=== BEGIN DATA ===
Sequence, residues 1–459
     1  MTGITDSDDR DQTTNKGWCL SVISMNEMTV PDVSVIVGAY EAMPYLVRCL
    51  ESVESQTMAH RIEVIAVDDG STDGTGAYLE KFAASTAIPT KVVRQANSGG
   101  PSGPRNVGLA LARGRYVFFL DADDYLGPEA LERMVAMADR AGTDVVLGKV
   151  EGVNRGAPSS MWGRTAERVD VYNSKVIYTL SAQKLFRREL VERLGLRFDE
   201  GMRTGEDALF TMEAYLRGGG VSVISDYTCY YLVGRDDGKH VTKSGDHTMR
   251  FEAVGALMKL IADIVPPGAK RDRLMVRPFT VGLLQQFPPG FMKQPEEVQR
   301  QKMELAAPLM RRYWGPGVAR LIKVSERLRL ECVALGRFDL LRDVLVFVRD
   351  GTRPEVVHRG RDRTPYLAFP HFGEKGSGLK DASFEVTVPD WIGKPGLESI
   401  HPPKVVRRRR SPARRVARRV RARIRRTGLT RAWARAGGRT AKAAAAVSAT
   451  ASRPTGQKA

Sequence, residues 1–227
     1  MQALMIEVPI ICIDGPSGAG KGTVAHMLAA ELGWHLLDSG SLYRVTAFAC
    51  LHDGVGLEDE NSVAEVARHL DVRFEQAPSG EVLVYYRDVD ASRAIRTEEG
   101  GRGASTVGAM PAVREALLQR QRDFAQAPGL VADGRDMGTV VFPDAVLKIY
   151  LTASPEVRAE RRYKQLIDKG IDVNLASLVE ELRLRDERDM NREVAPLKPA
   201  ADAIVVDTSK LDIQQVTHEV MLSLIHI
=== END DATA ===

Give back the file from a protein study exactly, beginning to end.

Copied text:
Sequence, residues 1–459
     1  MTGITDSDDR DQTTNKGWCL SVISMNEMTV PDVSVIVGAY EAMPYLVRCL
    51  ESVESQTMAH RIEVIAVDDG STDGTGAYLE KFAASTAIPT KVVRQANSGG
   101  PSGPRNVGLA LARGRYVFFL DADDYLGPEA LERMVAMADR AGTDVVLGKV
   151  EGVNRGAPSS MWGRTAERVD VYNSKVIYTL SAQKLFRREL VERLGLRFDE
   201  GMRTGEDALF TMEAYLRGGG VSVISDYTCY YLVGRDDGKH VTKSGDHTMR
   251  FEAVGALMKL IADIVPPGAK RDRLMVRPFT VGLLQQFPPG FMKQPEEVQR
   301  QKMELAAPLM RRYWGPGVAR LIKVSERLRL ECVALGRFDL LRDVLVFVRD
   351  GTRPEVVHRG RDRTPYLAFP HFGEKGSGLK DASFEVTVPD WIGKPGLESI
   401  HPPKVVRRRR SPARRVARRV RARIRRTGLT RAWARAGGRT AKAAAAVSAT
   451  ASRPTGQKA

Sequence, residues 1–227
     1  MQALMIEVPI ICIDGPSGAG KGTVAHMLAA ELGWHLLDSG SLYRVTAFAC
    51  LHDGVGLEDE NSVAEVARHL DVRFEQAPSG EVLVYYRDVD ASRAIRTEEG
   101  GRGASTVGAM PAVREALLQR QRDFAQAPGL VADGRDMGTV VFPDAVLKIY
   151  LTASPEVRAE RRYKQLIDKG IDVNLASLVE ELRLRDERDM NREVAPLKPA
   201  ADAIVVDTSK LDIQQVTHEV MLSLIHI